This is my very first ARC! I won it through a contest making up the slogan for the official Dashner Army (The Maze Runner, the Scorch Trials, The Death Cure) slogan to go on the merchandise. All in all, it was a pretty cool contest, and while this isn't the sort of book I would normally read, having an ARC is cool.

As you may know, I've already read this book. While I said in my book review that I wouldn't buy it, when I saw a blog contest for it I randomly entered, and I ended up winning. I'm not sure if I'll read it again anytime soon, but I certainly would re-read it, just for Oliver's awesome writing. 

A murder mystery, a girl's boarding school, a kick-ass heroine... While the title was a bit of a turn-off at first (sounded too much like Pretty Little Liars) as soon as I saw the cover and read the synopsis I was hooked. 

Honestly, I don't even remember entering the blog contest that I won this through. When I got this in the mail the other day I went on to Goodreads and found that it was about time travel. Since I love Time Travel, I'm certainly looking forward to this book.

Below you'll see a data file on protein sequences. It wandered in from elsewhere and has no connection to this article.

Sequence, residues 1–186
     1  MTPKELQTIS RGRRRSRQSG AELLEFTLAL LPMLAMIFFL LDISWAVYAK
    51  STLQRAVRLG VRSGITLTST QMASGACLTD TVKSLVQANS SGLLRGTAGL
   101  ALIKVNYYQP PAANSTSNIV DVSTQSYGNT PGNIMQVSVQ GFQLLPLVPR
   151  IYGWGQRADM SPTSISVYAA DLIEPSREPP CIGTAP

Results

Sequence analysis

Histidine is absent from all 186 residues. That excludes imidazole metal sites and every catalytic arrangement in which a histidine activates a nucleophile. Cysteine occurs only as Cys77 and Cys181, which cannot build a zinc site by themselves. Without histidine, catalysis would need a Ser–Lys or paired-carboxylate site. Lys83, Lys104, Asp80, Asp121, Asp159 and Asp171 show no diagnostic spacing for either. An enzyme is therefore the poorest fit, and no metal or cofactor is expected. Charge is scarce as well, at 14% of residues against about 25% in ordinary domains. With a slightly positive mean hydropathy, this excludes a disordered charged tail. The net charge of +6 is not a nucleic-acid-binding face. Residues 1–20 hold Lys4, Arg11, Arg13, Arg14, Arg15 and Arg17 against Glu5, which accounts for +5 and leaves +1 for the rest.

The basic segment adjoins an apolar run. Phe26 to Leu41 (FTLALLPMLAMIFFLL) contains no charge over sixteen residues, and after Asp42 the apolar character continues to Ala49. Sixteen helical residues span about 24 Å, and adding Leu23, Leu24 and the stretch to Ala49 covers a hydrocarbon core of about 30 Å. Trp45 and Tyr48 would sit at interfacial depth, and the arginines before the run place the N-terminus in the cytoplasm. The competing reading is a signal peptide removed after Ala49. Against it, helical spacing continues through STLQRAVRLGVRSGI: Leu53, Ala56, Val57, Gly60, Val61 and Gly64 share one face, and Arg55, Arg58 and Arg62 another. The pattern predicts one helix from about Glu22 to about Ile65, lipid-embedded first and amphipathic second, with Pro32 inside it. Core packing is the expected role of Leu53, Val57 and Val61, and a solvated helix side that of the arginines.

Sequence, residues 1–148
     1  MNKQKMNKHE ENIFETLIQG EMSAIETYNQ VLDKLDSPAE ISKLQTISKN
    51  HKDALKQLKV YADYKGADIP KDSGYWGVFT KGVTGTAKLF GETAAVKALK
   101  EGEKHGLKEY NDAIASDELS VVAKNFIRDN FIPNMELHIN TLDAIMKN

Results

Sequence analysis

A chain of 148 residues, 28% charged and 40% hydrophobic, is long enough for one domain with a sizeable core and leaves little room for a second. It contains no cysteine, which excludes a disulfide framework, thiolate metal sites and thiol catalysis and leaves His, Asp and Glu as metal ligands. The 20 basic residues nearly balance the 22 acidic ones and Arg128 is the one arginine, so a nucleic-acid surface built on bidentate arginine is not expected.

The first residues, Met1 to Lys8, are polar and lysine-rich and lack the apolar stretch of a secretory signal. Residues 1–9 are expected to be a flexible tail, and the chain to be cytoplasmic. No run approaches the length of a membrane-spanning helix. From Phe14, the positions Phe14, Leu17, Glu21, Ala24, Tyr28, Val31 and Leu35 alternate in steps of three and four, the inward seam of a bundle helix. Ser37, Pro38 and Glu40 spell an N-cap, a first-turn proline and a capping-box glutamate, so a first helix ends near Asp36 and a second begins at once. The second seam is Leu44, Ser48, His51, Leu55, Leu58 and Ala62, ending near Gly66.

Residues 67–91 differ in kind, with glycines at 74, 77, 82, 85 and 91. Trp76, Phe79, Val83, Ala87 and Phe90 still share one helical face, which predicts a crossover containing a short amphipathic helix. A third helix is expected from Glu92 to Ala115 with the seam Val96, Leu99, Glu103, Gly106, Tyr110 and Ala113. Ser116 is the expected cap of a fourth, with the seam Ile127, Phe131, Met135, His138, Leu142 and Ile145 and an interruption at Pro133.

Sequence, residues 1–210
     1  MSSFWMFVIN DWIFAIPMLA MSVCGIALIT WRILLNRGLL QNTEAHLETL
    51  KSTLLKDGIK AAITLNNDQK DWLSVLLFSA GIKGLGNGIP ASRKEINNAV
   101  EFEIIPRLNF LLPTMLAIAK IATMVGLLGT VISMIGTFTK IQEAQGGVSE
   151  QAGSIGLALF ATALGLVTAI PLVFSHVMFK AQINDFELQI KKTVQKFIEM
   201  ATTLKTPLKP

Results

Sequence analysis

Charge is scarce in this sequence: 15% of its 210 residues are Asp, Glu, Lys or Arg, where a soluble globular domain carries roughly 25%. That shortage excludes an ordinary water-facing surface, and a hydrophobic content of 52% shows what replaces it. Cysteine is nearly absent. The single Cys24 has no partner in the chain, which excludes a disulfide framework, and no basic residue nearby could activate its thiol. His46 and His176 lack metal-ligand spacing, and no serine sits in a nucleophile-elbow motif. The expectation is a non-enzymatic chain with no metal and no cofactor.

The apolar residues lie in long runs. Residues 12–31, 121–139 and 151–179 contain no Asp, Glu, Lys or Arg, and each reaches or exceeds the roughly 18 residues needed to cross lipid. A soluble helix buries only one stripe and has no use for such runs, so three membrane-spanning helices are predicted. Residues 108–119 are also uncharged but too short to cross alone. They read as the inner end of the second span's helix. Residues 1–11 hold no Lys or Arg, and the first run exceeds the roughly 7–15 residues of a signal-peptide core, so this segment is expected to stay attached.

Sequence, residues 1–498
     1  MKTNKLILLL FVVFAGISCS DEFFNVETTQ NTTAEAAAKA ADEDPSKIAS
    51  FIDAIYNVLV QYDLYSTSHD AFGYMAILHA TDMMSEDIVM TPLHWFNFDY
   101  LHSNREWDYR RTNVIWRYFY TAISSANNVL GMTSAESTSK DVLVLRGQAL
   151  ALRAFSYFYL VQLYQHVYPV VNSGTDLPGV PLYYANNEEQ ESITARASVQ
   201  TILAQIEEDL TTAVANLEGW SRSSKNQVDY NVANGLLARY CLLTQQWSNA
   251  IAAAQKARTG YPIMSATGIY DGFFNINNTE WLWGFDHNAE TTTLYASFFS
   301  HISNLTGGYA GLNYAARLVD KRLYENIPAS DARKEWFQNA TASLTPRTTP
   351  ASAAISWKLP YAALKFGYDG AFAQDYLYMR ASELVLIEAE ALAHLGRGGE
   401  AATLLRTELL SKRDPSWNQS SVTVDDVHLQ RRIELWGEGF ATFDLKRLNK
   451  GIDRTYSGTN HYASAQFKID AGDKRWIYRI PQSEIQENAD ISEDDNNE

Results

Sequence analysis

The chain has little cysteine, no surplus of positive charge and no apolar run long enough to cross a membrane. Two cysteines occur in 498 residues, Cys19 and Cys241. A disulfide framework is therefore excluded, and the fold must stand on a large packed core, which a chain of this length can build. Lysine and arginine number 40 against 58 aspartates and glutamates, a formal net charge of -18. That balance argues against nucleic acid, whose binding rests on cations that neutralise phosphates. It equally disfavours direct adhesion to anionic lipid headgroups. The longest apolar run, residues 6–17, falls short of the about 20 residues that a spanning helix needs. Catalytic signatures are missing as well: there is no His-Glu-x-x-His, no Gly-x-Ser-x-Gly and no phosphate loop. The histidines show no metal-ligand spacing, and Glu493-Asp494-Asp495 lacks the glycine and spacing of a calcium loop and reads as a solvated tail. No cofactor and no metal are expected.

Yes, I've already read this book. And I already have a copy. However, I was lucky enough to win another copy of it through a blog contest, which means that a certain friend of mine will be lucky enough to be getting this for a birthday present.... :)

This was pretty good week for me. I love getting books in the mail, opening the packages and just flipping through the pages or feeling their shiny covers. Maybe that sounds a little weird, but I just love books, the actual, physical books. Yes, I could imagine getting a Kindle, but nothing will ever replace the feeling of new books arriving in the mail. :)